Now Herrington rents and sells luxury chalets, of which there are a growing number in Grimentz. I stay at Chalet Dragon, a newly built version of the village’s ancient chalets, combining cosy wooden rooms with modern bathrooms, an airy open plan living area and high-speed WiFi.
The icing on the cake is that Grimentz is one of only a few resorts in Switzerland where you can heliski straight from the village. As we sit drinking coffee outside the peaceful Hotel Cristal, this seems hard to believe. But eventually we hear the faintest of buzzes, which slowly grows until the roaring machine is sitting in the car park in front of us, rotor blades urgently scything the air. It whisks us off, above the chalet roofs and back over the Moiry dam, dropping us just below the 3,796m summit of the Pigne d’Arolla. It’s an extravagance of course, but here you can pay for a single lift (about £200) rather than committing to a full week (and several thousand pounds) as is the norm in Canada. The run down, through a glacial wilderness sparkling in the sun, takes us all afternoon.
Of course the fear, as with all such places, is that an influx of visitors will destroy the very character they seek. Already some locals fret that Grimentz might “do a Nendaz”, a reference to another Valais resort that has seen rapid changes at the hands of property developers. There are plans for a major new hotel beside the pistes in Grimentz, to be run as the first European property in the Six Senses chain, better known for Asian beach resorts. Foundations have been dug but no opening date has been announced.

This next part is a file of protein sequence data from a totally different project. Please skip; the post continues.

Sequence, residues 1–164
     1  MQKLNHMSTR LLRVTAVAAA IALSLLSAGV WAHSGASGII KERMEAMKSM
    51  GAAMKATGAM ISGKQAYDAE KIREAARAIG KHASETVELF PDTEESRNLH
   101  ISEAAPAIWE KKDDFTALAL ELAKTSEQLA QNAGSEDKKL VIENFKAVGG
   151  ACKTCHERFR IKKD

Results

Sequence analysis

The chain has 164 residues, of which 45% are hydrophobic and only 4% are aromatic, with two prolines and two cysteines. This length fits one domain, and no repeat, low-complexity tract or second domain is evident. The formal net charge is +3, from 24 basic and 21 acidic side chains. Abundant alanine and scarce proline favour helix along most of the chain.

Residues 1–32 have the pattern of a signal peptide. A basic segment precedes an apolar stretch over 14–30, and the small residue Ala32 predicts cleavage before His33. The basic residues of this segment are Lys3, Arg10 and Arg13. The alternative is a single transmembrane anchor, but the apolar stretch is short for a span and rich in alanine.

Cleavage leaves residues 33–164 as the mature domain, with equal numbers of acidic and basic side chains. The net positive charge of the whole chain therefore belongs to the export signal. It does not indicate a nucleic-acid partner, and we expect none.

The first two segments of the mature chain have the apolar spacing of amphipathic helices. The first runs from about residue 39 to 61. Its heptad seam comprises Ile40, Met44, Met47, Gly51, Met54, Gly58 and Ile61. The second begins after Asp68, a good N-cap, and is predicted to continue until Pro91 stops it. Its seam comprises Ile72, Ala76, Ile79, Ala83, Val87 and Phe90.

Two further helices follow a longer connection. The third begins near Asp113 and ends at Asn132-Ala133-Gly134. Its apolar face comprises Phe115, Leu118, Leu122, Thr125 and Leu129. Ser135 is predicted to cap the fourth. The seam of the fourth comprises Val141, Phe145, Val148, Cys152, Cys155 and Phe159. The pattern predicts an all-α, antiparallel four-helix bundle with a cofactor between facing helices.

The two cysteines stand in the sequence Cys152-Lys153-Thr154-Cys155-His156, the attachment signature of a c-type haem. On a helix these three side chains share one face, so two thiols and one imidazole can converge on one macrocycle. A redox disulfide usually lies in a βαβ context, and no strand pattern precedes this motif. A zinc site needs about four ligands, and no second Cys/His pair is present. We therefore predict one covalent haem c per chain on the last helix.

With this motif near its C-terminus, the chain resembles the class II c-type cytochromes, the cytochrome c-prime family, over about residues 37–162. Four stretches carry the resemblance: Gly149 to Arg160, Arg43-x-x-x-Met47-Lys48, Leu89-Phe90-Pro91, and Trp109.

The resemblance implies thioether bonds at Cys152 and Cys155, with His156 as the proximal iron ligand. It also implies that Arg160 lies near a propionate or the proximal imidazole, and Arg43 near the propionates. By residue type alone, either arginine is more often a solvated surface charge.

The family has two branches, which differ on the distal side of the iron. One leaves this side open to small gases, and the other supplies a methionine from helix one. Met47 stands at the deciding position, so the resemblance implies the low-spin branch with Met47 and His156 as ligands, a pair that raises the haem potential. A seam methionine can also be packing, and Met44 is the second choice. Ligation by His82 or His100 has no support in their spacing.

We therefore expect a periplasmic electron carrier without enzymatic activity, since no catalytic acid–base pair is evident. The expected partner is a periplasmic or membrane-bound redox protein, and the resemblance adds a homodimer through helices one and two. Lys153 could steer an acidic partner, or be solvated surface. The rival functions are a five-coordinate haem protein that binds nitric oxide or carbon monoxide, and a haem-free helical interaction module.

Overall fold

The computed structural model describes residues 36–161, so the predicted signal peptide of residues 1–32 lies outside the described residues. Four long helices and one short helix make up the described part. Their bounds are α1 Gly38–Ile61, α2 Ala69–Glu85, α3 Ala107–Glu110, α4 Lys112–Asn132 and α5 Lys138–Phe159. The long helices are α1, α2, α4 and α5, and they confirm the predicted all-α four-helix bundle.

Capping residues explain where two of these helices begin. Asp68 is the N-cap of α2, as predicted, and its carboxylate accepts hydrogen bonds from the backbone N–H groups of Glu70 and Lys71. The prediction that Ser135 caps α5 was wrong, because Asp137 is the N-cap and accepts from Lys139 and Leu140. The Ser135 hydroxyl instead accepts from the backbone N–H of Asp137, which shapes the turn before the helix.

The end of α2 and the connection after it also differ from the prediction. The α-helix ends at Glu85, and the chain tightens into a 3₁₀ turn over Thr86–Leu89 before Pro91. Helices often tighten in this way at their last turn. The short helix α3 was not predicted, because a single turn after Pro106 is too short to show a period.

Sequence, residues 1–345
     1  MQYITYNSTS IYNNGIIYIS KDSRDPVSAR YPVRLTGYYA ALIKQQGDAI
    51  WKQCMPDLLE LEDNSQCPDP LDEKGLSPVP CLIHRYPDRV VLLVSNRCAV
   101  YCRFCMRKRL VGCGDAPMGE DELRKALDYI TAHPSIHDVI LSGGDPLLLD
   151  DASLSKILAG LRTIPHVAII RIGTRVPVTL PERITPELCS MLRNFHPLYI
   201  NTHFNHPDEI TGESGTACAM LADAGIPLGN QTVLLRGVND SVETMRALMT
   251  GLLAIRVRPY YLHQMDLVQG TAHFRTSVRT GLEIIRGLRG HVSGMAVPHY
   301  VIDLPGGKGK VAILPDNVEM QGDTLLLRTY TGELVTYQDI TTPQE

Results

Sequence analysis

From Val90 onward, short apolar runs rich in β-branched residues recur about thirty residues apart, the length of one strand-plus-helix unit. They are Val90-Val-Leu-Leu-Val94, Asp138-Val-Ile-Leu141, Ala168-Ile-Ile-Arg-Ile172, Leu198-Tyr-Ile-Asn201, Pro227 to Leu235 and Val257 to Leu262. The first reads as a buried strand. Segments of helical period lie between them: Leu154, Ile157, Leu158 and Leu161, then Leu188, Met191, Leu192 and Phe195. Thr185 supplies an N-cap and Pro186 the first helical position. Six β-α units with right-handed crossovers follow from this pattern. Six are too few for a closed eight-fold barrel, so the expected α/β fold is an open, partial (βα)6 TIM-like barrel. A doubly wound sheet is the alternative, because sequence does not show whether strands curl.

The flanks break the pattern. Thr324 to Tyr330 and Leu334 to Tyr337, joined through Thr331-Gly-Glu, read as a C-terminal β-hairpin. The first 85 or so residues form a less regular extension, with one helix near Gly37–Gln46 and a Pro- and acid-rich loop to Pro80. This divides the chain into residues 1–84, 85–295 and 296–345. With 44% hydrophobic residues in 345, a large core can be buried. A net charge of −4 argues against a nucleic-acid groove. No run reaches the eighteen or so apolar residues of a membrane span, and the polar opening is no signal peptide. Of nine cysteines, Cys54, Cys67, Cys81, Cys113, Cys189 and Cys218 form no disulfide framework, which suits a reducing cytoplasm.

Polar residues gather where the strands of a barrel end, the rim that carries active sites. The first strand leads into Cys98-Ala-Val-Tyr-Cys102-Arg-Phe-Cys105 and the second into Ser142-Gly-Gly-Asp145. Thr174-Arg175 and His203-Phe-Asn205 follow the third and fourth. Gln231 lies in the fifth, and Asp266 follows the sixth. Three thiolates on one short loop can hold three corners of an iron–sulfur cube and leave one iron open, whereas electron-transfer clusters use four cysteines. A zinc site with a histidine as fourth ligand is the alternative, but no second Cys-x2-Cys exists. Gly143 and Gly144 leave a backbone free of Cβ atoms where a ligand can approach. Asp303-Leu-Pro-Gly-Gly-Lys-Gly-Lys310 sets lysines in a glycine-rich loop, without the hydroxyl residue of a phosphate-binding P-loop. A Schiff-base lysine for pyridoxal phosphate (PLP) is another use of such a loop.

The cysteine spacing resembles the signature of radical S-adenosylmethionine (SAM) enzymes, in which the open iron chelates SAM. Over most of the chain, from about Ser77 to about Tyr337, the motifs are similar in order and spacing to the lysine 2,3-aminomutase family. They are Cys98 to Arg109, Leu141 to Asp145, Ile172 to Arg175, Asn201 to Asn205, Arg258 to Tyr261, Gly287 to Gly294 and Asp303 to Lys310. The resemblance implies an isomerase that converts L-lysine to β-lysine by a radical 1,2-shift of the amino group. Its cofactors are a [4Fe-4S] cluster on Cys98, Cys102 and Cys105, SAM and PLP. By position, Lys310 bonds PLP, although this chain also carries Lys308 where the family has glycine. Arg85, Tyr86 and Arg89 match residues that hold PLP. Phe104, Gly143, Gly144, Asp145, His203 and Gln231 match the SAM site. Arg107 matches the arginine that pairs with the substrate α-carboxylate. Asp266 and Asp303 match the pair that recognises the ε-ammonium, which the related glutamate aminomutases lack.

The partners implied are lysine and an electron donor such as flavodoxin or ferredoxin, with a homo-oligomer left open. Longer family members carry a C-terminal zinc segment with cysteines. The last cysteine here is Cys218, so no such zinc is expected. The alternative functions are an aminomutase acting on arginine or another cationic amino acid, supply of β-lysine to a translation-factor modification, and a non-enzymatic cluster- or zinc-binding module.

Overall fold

Purists moan that, as is the case with many “link-up” projects, the expensive new lift doesn’t actually open a single kilometre of new piste, it just makes it easier for more people to access what’s already there. The hope is that while the lift will bolster local economies and attract families alongside powderhounds, there isn’t yet the volume of tourist beds to tempt in the mass-market tour operators, and the narrow, windy road up from Sierre remains a deterrent. Property prices are rising but, on balance, it seems visitors are unlikely to find a sudden explosion of champagne bars, Michelin stars and blacked-out 4x4s.
For now Grimentz has just one nightclub and one late-night bar. In Zinal, the big attraction is still the famous “fighting cows”, which lock horns during springtime festivals and spend the winter grazing in paddocks in the village centre. Wandering along the main street, I spot some graffiti – names scratched into the wood of a chalet wall. Closer inspection shows this isn’t a harbinger of impending social upheaval. Beside the names is the date they were written: 1876.
A week’s rental of Chalet Dragon, which sleeps up to six, costs from SFr3,456 (£2,352); a week at Ski Zinal’s Chalet Edelweiss costs from SFr1,040 (£708) per person; Grimentz-Zinal Backcountry Adventures (backcountryadventures.co.uk) has five-day courses from £545.
Swiss has up to 10 flights per day from London to Geneva, from £123 including ski carriage. A heli-lift (helialps.ch) from Grimentz to the Pigne d’Arolla costs SFr300 (£204) per person.
See also valdanniviers.ch